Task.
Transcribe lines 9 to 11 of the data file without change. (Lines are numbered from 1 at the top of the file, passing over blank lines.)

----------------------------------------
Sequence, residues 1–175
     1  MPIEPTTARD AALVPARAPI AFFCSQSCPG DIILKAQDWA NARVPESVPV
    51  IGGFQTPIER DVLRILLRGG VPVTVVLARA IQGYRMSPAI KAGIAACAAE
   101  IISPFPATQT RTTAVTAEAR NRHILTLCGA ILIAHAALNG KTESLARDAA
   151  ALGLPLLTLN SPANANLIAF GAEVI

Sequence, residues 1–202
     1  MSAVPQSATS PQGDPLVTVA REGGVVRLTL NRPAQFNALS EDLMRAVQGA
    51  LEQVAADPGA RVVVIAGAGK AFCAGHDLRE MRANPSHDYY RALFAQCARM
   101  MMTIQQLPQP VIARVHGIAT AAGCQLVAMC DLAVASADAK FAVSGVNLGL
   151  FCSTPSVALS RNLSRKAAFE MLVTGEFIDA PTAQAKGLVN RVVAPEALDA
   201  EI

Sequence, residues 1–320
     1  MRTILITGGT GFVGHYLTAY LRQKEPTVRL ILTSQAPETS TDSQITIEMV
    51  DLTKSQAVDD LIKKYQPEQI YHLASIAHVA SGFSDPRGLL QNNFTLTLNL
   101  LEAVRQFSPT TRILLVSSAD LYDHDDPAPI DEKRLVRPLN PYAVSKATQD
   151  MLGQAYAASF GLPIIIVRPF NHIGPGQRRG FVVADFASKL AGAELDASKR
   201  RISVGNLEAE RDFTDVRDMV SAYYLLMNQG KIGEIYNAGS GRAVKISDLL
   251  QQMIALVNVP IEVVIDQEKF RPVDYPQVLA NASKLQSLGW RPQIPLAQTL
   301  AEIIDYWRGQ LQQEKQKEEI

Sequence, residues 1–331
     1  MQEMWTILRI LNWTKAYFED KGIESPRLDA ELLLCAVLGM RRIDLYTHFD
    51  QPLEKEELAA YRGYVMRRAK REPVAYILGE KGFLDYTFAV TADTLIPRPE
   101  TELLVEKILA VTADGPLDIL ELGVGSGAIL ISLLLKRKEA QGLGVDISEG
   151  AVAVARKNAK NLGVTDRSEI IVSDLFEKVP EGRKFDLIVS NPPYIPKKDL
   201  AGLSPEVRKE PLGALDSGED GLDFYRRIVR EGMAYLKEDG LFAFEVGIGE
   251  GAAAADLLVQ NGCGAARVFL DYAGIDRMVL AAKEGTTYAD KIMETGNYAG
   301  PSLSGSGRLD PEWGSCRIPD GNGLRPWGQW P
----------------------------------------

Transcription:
   101  MMTIQQLPQP VIARVHGIAT AAGCQLVAMC DLAVASADAK FAVSGVNLGL
   151  FCSTPSVALS RNLSRKAAFE MLVTGEFIDA PTAQAKGLVN RVVAPEALDA
   201  EI